To apprise the operator of the frequency to which the synthesizer 10 is tuned, the output leads 50 of digital counting means 48 are applied to a visual frequency display 58 via a display driver 60 which converts the digital count format of counting means 48 to the appropriate format for controlling the display 58. In this connection, it should be mentioned that the count formed for counting means 48 is preferably BCD and that each of the output leads 50 corresponds to four wires for specifying an individual digit of the count and consequently frequency. Each digit is conventionally displayed through the use of seven bars requiring seven inputs and display driver 60 accordingly would be a BCD to seven bar decoder.
Before proceeding to a discussion of the invention in connection with the remote and processor control modes, the reader's attention is directed to FIG. 2 which depicts the digital counting means 48 in detail. As will be observed, the digital counting means 48 in the preferred embodiment comprises an eight stage digital BCD counter 62 for affording an eight decade frequency control extending from one hertz through 10 megahertz. As with FIG. 1, each output lead 50 to the frequency synthesizer 10, originating from a different stage of the digital counter 62, represents four wires for specifying the associated digit in binary coded decimal form. The bilevel up/down signal from switch 52 for controlling counting direction is applied in parallel to all of the up/down inputs U/D of the individual stages of digital counter 62 while the clock pulses are likewise applied in parallel to their clock inputs CL. The clock pulses are derived from a clock 64 via a conventional programmable frequency divider 66 which affords different frequency division ratios to provide different clock frequencies at its output for driving digital counter 62. The clock frequency appearing at the output of frequency divider 66 is dependent on the digital control word applied thereto from decoder 44 via leads 46a-46n.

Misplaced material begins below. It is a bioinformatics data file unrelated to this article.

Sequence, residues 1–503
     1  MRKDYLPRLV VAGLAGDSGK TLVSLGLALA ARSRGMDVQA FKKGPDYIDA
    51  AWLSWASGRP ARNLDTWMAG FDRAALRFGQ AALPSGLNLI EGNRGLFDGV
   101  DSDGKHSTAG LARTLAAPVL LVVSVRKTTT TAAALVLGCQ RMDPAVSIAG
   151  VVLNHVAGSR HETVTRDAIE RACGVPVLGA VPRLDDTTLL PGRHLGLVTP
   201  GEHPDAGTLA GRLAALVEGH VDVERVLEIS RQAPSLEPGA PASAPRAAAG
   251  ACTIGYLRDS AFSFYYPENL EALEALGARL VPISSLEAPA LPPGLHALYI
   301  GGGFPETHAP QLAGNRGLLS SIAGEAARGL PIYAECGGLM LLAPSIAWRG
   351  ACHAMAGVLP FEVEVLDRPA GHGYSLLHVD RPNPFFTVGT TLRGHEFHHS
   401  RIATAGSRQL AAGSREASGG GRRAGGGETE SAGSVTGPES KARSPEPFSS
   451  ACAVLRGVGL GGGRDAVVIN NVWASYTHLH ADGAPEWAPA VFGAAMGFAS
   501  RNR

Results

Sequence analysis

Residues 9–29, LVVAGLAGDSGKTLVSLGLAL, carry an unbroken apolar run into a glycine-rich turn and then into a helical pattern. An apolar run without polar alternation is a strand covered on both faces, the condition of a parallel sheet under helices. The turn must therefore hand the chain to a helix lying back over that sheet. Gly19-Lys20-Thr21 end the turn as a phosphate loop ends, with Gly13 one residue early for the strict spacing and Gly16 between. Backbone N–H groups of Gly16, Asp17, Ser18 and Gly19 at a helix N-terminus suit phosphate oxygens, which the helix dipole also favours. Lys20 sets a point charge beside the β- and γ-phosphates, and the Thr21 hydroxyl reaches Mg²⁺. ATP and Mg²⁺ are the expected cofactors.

In conventional fashion, the carry-in lead CI of the three stages of digital counter 62 corresponding to the three highest frequency digits, namely, 100 kilohertz-10 megahertz is directly connected to the carry-out lead CO of the next lower stage in the counting chain. Thus, as each one of the 104 -106 stages transits a full decode count, it allows the next succeeding stage to transit a unit count. EAch of the CO leads of the four lowest order stages of counter 62, namely those corresponding to 1 hertz through 1 kilohertz is connected to the CI lead of the next higher stage through an individual switch, switches 68a-68d being respectively associated therewith. These electronic switches, pictured symbolically in FIG. 2, are under the control of the step and fine/coarse mode signals applied thereto via leads 56(a-c). When a switch 68 is closed, the stage of digital counter 62 whose CI lead to which it is connected is enabled to count in a normal fashion so as to change its count by one each time that the next lower order stage transits a full decode count. When the switch 68 is opened, however, that particular stage responds to each clock pulse to change its count accordingly. Thus, when in a coarse counting mode as determined by the signal on lead 56c, switch 68d is rendered open so that the stage of digital counter 62 corresponding to ten kilohertz changes count by one with each clock pulse irrespective of the count changes in the lower order counting stages. In the fine mode (switch 68d closed), the step count desired is designated by the signals on leads 56a and 56b for controlling switches 68a-68c. Accordingly, if a one hertz counting mode were desired all three switches 68a-68c would be closed. If a 10 hertz counting step mode were desired, then switch 68a would be opened and similarly, if a 100 hertz counting step mode were desired switch 68b would likewise be opened together with switch 68a. With all three switches 68a-68c opened, the step counting mode would correspond to 1 kilohertz. It should be remembered, that whichever counting mode the frequency synthesizer may be in, the actual counting rate for varying the frequency is determined by the clock frequency at the output of the frequency divider 66 under the control of the digital control words appearing at the output leads 46 of decoder 44.